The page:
Toilet tax evasion trial opens in Germany | News | DW


A 49-year-old woman went on trial in the German town of Cottbus on Thursday, accused of withholding around 1.2 million euros (about $1.2 million) in taxes from toilet revenue at places like the motorway service stations and restaurants.

Some restrooms in these facilities have voluntary contribution plates where users can deposit change.

The defendant is accused of concealing this income from the state in eight separate cases between 2005 and 2008, when he ran a cleaning business maintaining a network of toilets.

The defendant did not speak about the tax evasion charges brought against her on the day of the opening of the trial.

Cases go back 14 years or more, past the standard statute of limitations

The case is complicated on several levels. Demonstrating how much money has been paid is extremely difficult, as there is no fixed price for relieved customers who deposit a few coins at the exit. The judge said daily earnings could vary from €30 to €500 from site to site.

“You have to try to approach the most probable result, as close as possible to reality,” chief prosecutor Elvira Klein told the dpa news agency.

The judge said on Thursday that the figure announced by the prosecution of 1.2 million euros seemed high, offering a counter-estimate of around 600,000 euros.

The fact that the investigation took about 15 years to reach a courtroom also places an additional burden on the prosecution.

Only tax evasion cases of “particular gravity” – defined as a minimum of €50,000 in unpaid taxes – do not expire under a 10-year statute of limitations in Germany. Prosecutors believe they can identify a total of eight cases that are still eligible.

And Thursday’s first witness tried to argue that the person who should really face the charges was no longer alive.

Defendant’s mother, first witness, blames deceased partner

The defendant’s mother was the first witness. She argued that although her daughter was the nominal chief executive of the business, she had nothing to do with collecting the revenue.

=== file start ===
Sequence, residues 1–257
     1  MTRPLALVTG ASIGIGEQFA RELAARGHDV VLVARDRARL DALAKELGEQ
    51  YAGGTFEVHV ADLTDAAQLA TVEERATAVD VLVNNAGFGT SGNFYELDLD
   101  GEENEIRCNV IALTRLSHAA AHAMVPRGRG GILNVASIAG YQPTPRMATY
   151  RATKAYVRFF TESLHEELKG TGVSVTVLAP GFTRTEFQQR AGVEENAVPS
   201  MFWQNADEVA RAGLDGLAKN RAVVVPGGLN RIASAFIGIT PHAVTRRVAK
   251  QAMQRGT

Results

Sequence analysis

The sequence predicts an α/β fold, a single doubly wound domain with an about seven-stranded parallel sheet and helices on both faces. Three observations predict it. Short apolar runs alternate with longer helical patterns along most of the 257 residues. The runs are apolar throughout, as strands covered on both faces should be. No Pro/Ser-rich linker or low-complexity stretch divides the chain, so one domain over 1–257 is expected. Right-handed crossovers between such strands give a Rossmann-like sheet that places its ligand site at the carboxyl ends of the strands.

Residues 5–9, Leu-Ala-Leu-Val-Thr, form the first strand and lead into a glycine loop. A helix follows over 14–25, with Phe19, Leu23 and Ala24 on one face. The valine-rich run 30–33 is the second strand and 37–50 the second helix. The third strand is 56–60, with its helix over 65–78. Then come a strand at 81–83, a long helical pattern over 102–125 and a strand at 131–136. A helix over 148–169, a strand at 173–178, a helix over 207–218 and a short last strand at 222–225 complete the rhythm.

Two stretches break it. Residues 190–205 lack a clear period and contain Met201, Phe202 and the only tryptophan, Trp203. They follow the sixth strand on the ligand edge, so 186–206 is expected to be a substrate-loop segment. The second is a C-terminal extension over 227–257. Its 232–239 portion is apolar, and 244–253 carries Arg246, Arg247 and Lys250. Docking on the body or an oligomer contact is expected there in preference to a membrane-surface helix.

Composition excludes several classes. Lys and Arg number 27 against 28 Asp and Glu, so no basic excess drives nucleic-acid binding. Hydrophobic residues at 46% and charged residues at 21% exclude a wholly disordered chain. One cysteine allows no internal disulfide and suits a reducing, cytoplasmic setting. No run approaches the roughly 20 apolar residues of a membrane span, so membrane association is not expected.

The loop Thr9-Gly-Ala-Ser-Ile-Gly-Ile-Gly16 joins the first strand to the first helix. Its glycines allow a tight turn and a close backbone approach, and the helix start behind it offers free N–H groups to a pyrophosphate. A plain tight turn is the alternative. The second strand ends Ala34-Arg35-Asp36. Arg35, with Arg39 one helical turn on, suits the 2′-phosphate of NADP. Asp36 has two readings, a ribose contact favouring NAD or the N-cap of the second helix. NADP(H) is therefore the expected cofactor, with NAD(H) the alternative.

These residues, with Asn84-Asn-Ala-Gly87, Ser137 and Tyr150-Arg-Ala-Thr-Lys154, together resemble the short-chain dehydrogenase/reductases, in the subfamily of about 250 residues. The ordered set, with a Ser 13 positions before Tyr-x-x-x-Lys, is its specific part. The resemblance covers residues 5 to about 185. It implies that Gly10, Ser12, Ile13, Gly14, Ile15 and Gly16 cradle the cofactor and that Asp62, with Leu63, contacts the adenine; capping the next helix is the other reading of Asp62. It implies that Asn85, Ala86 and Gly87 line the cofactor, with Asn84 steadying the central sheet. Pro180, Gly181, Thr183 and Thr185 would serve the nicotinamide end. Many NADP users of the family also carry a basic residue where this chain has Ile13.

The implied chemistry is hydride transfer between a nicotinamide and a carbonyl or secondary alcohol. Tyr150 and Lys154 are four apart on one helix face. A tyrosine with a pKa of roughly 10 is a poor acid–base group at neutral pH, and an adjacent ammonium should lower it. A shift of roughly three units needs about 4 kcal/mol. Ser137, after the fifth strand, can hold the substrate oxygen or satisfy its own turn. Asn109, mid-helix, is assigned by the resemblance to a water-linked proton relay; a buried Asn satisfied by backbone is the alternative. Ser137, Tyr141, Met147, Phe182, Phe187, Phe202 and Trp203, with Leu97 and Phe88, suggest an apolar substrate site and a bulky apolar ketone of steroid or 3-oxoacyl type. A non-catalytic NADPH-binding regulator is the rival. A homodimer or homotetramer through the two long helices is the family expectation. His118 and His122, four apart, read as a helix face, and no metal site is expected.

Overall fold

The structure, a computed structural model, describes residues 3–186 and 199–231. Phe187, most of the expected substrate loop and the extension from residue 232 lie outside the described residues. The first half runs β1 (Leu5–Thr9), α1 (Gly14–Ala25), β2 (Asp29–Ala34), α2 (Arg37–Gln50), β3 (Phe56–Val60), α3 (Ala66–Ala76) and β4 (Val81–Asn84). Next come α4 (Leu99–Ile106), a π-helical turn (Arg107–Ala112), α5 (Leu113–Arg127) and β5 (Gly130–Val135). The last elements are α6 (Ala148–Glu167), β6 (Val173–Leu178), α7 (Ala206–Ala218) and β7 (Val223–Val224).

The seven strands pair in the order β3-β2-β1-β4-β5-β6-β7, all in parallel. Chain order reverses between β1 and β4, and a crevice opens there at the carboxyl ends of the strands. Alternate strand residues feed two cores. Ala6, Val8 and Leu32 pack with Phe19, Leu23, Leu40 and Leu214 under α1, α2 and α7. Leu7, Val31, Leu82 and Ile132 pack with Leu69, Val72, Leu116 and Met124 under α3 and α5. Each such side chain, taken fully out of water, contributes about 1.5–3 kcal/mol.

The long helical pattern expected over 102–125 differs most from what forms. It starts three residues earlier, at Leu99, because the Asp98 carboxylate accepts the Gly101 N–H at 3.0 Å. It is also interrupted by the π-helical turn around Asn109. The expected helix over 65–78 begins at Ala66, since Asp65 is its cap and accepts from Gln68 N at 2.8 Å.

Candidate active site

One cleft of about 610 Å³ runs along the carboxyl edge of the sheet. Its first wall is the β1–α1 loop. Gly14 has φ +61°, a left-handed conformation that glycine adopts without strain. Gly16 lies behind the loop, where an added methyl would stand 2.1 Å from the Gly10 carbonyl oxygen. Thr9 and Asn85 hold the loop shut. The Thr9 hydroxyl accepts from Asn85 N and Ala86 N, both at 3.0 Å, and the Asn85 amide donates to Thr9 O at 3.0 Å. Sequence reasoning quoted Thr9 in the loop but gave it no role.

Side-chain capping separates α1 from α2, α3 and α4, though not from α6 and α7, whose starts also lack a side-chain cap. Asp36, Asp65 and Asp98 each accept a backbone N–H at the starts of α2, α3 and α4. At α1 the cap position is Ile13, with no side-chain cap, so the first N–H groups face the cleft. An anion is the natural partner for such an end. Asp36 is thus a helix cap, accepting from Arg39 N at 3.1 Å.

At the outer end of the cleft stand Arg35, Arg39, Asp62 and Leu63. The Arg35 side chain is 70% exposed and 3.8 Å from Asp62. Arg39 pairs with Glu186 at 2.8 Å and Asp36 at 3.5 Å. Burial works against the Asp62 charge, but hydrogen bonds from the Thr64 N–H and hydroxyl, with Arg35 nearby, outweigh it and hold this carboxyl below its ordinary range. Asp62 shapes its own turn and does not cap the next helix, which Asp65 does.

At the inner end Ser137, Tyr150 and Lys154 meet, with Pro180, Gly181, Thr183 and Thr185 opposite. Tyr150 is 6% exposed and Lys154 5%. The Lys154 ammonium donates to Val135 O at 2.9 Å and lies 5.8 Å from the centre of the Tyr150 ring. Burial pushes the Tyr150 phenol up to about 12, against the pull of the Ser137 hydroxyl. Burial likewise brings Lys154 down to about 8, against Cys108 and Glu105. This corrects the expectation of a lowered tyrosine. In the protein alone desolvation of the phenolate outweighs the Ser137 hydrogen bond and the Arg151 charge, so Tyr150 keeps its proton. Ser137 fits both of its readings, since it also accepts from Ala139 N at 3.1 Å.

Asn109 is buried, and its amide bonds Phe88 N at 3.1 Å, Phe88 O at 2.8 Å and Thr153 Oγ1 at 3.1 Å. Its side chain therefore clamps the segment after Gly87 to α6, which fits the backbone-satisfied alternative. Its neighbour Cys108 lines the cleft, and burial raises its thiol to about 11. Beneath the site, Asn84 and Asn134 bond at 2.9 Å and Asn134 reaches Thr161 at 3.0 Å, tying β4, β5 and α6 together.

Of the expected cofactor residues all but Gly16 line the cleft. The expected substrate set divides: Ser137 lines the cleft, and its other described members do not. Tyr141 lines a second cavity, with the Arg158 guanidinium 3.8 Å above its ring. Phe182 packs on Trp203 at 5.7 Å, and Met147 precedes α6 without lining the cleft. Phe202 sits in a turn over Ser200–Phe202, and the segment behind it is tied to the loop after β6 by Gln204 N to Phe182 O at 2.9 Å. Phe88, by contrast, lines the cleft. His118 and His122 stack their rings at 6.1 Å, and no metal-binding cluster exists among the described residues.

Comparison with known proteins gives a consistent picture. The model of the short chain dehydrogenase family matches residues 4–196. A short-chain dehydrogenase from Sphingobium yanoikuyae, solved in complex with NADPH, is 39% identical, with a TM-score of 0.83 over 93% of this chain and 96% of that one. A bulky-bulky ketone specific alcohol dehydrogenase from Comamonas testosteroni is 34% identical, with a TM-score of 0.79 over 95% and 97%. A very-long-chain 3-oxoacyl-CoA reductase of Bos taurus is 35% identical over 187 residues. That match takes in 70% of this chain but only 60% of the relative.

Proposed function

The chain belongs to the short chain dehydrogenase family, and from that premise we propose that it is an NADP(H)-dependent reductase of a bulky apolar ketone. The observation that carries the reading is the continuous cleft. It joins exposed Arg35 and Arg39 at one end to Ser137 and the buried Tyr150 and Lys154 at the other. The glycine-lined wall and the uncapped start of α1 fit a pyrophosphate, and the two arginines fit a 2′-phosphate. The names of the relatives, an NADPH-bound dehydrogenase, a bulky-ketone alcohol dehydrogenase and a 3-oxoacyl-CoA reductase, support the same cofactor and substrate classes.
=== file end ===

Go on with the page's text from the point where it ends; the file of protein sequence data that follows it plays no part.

She said her late boyfriend ran the business as a partner, with her daughter responsible for tasks such as bookkeeping.

“My daughter didn’t want to see any money,” she told the court.

The defendant’s lawyer argued that their client was unaware of the amount of income from the collection plates and had no idea of ​​the “real” dimensions of the business.

The prosecution says his case is made more difficult by the fact that the company’s records relating to the payments cannot be found.

Tips or gratuities are tax exempt in Germany, but only if it can be shown that they end up in the hands of the employees. Voluntary payments that accrue to a company (or to a self-employed person) are not exempt from tax.

Another issue the court will grapple with in part of the case is jurisdiction: four of the 78 washroom facilities maintained by the company are in Austria, not Germany, and the criminal chamber said it considers that it was doubtful whether German law would apply to their income.

Six days of hearings are currently scheduled for the trial with 28 witnesses expected to be called, including Cottbus Tax Office in September.

msh/lo (AFP, dpa)

While You’re Here: Every Tuesday, DW editors round up what’s happening in German politics and society. You can sign up for the weekly Berlin Briefing email newsletter here.

Previous Sri Lankan developers halt new condos after currency crashes and costs soar
Next Most currency pairs continue to trade in a sideways range